Food firms facing major hurdles to meet halal logistics requirement

By Lester Wan contact

- Last updated on GMT

Dr Khairil Ismahafiz Muhadzir, group chief commercial officer (CCO) of DagangHalal said with demand for products increasing, several countries are now demanding the supply chain meet halal standards as well.
Dr Khairil Ismahafiz Muhadzir, group chief commercial officer (CCO) of DagangHalal said with demand for products increasing, several countries are now demanding the supply chain meet halal standards as well.
Considering the huge global halal food market, there is growing demand for complementary halal logistics — but is industry up to the challenge?

Dr Khairil Ismahafiz Muhadzir, group chief commercial officer (CCO) of DagangHalal — one of the world’s largest online halal marketplaces that works closely with Malaysian and international certification authorities — said the global halal market is valued at US$3.36tn, with food comprising close to 42%.

Furthermore, he said Pricewaterhouse Coopers (PwC) declared that the estimated purchasing power of Muslims in the Asian region for food will be close to US$300b by 2030.

With demand for products increasing, several countries are now demanding that the logistics aspects of the supply chain meet halal standards as well.

Understanding needs

“When people talk about halal logistics, they always think of transport or cargo. Whereas, it falls into bigger roles and responsibilities among the stakeholders,”​ said Dr Muhadzir, who said it must encompass the activities of suppliers, manufacturers, retailers and distributors.

Each “department”​ has its own obligation or part to play, and halal logistics is not solely the domain of logistic services providers, he added,

"Whether that product or ingredient comes from a plant or an abattoir, how it will be transferred to manufacturing where it will become processed from raw materials into processed foods, and then how it will be distributed to the retail (channel) or the supermarket or store, throughout the chain you could see a lot of involvement in terms of halal logistics,”​ said Dr Muhadzir.

Malaysia has its MS2400 halal logistics standard as the market reference and coverage encompasses logistic transportation and cargo handling, warehousing and retailing.

Others include the international halal logistics standard IHIAS 0100:2010.

Dr Muhadzir said there are three “critical points” in maintaining the halal status throughout the supply chain: suppliers’ obligation, the transformation from raw material to finished goods, and the distribution system.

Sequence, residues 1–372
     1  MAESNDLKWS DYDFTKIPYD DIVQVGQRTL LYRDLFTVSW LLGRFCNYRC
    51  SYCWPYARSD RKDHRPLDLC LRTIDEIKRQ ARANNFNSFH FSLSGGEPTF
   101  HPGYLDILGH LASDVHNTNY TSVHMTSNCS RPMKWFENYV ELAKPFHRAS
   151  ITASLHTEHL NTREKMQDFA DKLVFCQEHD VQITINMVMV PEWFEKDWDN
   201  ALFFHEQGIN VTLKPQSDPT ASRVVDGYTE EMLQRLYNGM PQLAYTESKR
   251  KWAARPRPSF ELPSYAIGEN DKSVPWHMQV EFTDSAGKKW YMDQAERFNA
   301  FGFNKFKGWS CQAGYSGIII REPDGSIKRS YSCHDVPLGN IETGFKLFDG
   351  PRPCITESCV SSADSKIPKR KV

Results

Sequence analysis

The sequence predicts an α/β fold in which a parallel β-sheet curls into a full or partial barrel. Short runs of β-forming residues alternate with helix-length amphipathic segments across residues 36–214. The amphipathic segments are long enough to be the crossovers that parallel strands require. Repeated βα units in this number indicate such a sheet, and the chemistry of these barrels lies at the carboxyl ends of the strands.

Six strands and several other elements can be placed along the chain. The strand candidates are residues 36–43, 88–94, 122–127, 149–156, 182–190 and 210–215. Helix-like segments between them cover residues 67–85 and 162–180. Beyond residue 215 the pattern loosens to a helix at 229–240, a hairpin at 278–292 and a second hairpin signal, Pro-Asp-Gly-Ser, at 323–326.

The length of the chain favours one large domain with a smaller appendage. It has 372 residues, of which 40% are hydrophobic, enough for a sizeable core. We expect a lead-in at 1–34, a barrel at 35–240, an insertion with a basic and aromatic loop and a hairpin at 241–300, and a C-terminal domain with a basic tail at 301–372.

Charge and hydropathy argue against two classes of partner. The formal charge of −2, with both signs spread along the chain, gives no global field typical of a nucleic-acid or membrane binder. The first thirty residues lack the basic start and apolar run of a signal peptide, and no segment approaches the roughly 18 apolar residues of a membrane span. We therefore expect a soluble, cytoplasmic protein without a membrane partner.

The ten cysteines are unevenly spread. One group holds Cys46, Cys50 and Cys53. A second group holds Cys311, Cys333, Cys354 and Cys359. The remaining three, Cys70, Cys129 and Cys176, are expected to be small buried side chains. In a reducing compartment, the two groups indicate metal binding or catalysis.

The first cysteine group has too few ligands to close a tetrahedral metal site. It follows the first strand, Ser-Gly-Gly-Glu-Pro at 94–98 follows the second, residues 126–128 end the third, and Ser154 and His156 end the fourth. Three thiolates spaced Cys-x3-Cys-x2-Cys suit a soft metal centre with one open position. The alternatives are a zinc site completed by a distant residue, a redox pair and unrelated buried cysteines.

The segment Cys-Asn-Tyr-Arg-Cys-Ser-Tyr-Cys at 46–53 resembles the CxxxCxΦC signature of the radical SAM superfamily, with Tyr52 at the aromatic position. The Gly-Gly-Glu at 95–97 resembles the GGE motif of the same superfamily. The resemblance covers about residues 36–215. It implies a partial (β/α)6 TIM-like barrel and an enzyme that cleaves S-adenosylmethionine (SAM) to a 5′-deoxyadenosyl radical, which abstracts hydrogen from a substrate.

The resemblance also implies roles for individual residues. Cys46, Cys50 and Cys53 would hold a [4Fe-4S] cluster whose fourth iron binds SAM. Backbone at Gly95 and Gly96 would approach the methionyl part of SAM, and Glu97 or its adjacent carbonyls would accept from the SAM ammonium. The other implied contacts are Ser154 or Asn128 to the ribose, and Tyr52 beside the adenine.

“We need to know whether the suppliers are really practising the halal (procedures) during their transporting of the food from the farm or the abattoir to our manufacturers,”​ he said.

“If there is contamination in the process, that means you would not be able to obtain halal certification even if you have produced the halal products (under the halal-certified processes) within your factory.”

Challenges to adoption

He acknowledged, however, that there are several challenges facing food firms seeking to adopt halal logistics.

He said there is a lot of technology that can produce fake halal certificates or labels, and there is a shortage of technical experts to pass on advice.

While manufacturing plants in Malaysia usually have a halal executive and a halal auditor to monitor compliance, some countries still do not have this in place, while others refuse to accept some certification bodies.

“Most of the food industry will think, if I obtain the halal food certificate from MUIS (Singapore), I still need to obtain the halal certificate from JAKIM (Malaysia), I still need to obtain a certificate from MUI (Indonesia),”​ he said.

Dr Rodney Wee, CEO of Asia Cold Chain Centre, said that one way to overcome this to a certain extent is to adopt a high standard that other countries accept. For instance, Australian abattoirs complying with halal certification use the Malaysian standard because it is one of the highest and is accepted by many other countries.

In a competitive sector, most logistic or transportation companies don’t want to invest in halal logistics. The demand from industry and consumers is currently also not significant enough to push them to invest more.

Dr Muhadzir said, in Malaysia, not more than 10 companies have obtained a halal logistics certificate and the number in other countries might be less.

“When you want to evolve from conventional to halal warehouse, you need to have a segregation in storage. You need to build a barrier, you need to have a dedicated plant, for instance,” ​he said.

“You need to invest on all that, so it’s going to be a very high cost.”

The same goes for the lorry or cargo transportation. A dedicated lorry for halal logistics is costly, especially if the demand is not there to utilise it.

However, these challenges will have to be overcome for food firms to tap into the rising demand for halal products.

“They want to make sure that the whole supply chain, till it is received by the client, is totally halal compliant including in the logistics,”​ he added.

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